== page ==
At the Center, I began a new project about the construction and destruction of public monuments. Events during the summer of 2020 challenged me to look beyond current debates over the merits of particular monuments and honorees and to think about monument building as a deeply rooted Euro-American practice. My premise is that many of the assumptions driving contemporary monument use and abuse have roots reaching back as far as antiquity.
What does it mean to honor someone with a sculptural monument? The biblical second commandment forbade the making and worship of graven images, a prohibition that responded to ambiguous distinctions between divinity and humanity in the ancient world. The evocation of divinity in honorific monuments was certainly a strategy of political and social self-aggrandizement. More broadly, though, such monuments provoked reflections on the nature of humanity and the differences among people.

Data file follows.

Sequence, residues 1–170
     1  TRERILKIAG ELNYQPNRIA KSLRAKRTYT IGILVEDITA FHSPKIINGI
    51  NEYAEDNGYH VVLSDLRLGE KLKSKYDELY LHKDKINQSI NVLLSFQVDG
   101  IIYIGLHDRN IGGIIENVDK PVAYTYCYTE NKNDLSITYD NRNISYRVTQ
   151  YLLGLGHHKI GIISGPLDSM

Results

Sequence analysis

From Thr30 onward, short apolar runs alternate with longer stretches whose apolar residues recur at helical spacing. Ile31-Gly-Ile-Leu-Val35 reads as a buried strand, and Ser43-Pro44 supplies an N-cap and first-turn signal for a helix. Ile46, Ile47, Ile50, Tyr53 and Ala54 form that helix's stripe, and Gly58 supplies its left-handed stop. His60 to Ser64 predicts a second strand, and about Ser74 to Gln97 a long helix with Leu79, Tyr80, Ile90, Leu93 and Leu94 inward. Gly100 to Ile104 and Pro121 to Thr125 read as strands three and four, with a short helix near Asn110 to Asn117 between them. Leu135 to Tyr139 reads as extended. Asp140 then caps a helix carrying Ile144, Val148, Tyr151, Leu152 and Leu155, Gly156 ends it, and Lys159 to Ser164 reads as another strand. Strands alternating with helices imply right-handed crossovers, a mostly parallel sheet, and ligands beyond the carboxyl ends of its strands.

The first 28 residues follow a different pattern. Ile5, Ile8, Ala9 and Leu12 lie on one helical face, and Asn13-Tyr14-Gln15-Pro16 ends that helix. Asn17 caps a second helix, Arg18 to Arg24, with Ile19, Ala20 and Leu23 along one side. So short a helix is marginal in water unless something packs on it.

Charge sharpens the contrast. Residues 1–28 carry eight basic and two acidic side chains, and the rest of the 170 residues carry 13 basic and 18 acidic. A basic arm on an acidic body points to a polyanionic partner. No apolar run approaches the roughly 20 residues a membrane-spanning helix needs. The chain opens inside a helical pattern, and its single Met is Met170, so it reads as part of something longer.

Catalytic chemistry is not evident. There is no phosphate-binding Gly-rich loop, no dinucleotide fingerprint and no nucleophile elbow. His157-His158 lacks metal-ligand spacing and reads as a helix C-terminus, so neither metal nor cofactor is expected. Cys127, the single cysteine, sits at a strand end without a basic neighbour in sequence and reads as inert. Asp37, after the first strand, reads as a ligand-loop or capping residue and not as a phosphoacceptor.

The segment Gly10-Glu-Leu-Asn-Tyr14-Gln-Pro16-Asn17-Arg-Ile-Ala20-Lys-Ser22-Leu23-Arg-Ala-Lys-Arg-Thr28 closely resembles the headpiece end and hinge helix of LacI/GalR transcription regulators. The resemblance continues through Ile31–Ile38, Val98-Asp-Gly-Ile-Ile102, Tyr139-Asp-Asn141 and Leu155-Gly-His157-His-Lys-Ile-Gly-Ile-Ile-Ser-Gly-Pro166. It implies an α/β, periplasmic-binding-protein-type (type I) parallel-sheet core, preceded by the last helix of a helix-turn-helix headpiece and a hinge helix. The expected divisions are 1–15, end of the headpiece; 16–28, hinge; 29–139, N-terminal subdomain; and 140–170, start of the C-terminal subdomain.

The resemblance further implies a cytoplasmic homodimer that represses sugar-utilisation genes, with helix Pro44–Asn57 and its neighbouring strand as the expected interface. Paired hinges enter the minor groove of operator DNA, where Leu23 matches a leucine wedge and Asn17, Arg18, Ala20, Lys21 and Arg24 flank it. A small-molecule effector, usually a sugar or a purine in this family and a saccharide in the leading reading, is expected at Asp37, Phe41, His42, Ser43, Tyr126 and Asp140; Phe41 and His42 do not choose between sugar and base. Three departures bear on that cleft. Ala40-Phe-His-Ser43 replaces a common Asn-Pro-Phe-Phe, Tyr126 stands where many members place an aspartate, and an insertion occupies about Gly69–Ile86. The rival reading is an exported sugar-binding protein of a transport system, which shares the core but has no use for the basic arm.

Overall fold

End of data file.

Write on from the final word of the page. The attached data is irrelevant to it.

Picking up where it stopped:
The ancient ambiguity is evident in the reception of modern works such as George Washington (1840) by Horatio Greenough (1805–1852). Washington is represented in a manner that refers to ancient portrayals of Zeus and Roman emperors, which provoked outrage when the work was installed in the United States Capitol. Current conflicts over monuments to figures such as Winston Churchill and Thomas Jefferson attest to continued unease regarding the apotheosis implied by their creation and continued display.